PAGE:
Winning the battle of wounded knee: Treated easily if caught early
21:01 GMT, 13 October 2012
A knee injury is usually a result of a sporting mishap. Actor Brad Pitt injured one of his while skiing – and was pictured on red carpets earlier this year using a rather rakish walking cane.
Tennis star Rafael Nadal had to bow out of the Olympics due to a similar complaint.
But you can just as easily do damage while running for the bus, getting out of the bath – or by dancing, as comedian James Corden discovered while appearing in the hit musical One Man, Two Guvnors on Broadway.
Support act: Brad Pitt, with Angelina Jolie, recently needed a cane due to a knee injury suffered while skiing
He ultimately needed surgery. As an orthopaedic surgeon, I know all too well just how serious such a procedure can be.
Fortunately, the majority of knee injuries can be treated easily as long as they are caught in time. Here is my guide to warning signs.
SYMPTOMS: Tenderness over the knee, which is worse when walking
DIAGNOSIS: Knee sprain. This is the most common knee injury. It is a sprain of the muscles or ligaments surrounding the knee. It happens when a ligament or muscle has been overstretched, rather than torn.
TREATMENT: Painkillers, rest and applying ice. Special support bandages compress the injury, prevent swelling, reduce pain and speed recovery, so are more useful than they may appear.
Rehabilitation, either gently on your own or under the guidance of a physiotherapist, can quickly return you to normal activity. These injuries will generally heal themselves and rarely have lasting consequences.
SYMPTOMS: Pain and bruising worsening over a week, often following a fall.
DIAGNOSIS: Bone contusion (bone bruising). The bones of the knee are near to the skin, so there’s little tissue to cushion them from impacts.
When we fall, the bones take all the shock and – if they don’t break – they bruise. This is visible on an MRI scan, but the mainstay of a diagnosis is a good examination.
TREATMENT: Treatments include ice, painkillers and a return to activity to stop the knee becoming stiff.
HOW IT WORKS – AND WHERE IT GOES WRONG
The knee is formed of three parts: the
medial (inside), the lateral (outside) and the patellofemoral (the
joint between the knee cap and thigh bone).
Inside these compartments are cartilage pads (menisci), which act as human shock absorbers.
Four main ligaments support the knee. The medial and lateral ligaments prop up either side of the joint.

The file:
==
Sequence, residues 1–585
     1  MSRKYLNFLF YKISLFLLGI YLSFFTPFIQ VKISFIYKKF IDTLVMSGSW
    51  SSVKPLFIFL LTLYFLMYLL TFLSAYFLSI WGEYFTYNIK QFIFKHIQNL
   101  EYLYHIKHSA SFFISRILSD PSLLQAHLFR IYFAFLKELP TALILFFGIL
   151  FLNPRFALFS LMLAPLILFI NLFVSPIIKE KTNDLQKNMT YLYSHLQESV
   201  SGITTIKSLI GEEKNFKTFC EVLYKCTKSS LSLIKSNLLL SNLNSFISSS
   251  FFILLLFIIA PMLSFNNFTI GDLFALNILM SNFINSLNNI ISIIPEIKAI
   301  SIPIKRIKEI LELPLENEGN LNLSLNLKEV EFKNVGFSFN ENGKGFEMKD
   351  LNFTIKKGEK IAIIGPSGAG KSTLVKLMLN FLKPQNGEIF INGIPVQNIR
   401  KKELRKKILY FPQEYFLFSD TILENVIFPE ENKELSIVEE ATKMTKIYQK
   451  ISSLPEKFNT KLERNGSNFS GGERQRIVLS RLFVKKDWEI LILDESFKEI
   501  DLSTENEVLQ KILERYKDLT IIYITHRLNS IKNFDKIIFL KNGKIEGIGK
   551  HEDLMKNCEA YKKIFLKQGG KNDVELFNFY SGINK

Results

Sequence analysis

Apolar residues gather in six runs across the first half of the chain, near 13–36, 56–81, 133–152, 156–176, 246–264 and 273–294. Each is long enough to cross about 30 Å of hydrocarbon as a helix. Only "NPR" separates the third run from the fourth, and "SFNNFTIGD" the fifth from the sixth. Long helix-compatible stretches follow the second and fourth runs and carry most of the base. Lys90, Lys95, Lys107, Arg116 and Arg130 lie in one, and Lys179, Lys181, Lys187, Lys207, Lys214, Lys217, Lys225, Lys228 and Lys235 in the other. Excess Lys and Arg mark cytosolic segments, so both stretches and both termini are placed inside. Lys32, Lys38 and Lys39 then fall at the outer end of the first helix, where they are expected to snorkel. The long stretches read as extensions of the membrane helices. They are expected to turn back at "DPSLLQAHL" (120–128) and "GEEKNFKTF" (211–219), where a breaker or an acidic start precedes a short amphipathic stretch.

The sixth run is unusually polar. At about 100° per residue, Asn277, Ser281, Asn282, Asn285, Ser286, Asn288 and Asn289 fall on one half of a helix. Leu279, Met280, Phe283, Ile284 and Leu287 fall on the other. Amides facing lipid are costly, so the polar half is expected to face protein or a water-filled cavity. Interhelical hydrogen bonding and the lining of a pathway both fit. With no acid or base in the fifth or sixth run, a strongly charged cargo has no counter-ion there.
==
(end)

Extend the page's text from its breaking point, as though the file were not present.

the anterior cruciate ligament prevents the shin bone from sliding away
from the thigh bone, while the posterior cruciate ligament stops it
also numerous stabilising muscles that allow it to bend, straighten
and deliver strength from the lower leg to the ground.
SYMPTOMS: Severe pain, limited movement, some swelling, feeling of catching or clicking
DIAGNOSIS: Meniscal Tear (damage to the cartilage pads). These are very common injuries, usually caused by changing direction suddenly when running. The cartilage pads are squashed between the end of the thigh bone and the top of the shin bone, causing a tear to develop. The pain often settles down but patients usually complain of intermittent severe sharp pain from the knee, often accompanied by swelling.
TREATMENT: These injuries can be effectively managed with painkillers, rest and a splint or support bandage, but physiotherapy is critical to a good recovery.
If locking or giving way occurs, then surgery is usually needed, in the form of an arthroscopy (keyhole surgery) to trim the damaged cartilage. Recovery is normally quick, especially with physiotherapy.
SYMPTOMS: Unable to walk, dramatic swelling, bruising and severe pain
DIAGNOSIS: Fracture (broken bone). These are serious and significant injuries to the knee. They commonly occur with falls but can happen in contact sports such as rugby or football. DON’T try to soldier on. These hairline breaks pose a range of potential complications and should always be seen by A&E staff – the wrong diagnosis can have lasting consequences – and need X-rays and frequently a CT scan.
TREATMENT: Some of these injuries can be treated with a plaster cast, but many require an operation to reconnect the bones using plates and screws. Rehabilitation can take several months with the guidance of a physiotherapist.
SYMPTOMS: Pain at the front of the knee, swelling and increasing pain when bending the joint
DIAGNOSIS: Pre-patellar bursitis (water on the knee). This is caused by inflammation of a bag of fluid, called the bursa, that lies between the kneecap and the skin. It normally acts as a lubricant to stop the kneecap catching the underside of the skin as it moves. It becomes inflamed when irritated by kneeling for long periods.
TREATMENT: Rest and anti-inflammatory medicines such as ibuprofen. Splints and compression bandages are useful to support movement during recovery.
SYMPTOMS: Dramatic swelling and bruising, inability to bear weight on leg.
DIAGNOSIS: Complete tears of muscles or ligaments. If you have any of these symptoms, you should visit your local A&E department.
TREATMENT: An MRI scan will be needed to see exactly what has been injured – and how bad the damage is. Treatment will be dictated by this.
Many injuries can be managed using splints and rehabilitation with a physiotherapist. However, surgery is commonly needed to fix torn ligaments (and sometimes muscles) and return them to normal function. Rehabilitation can take up to a year.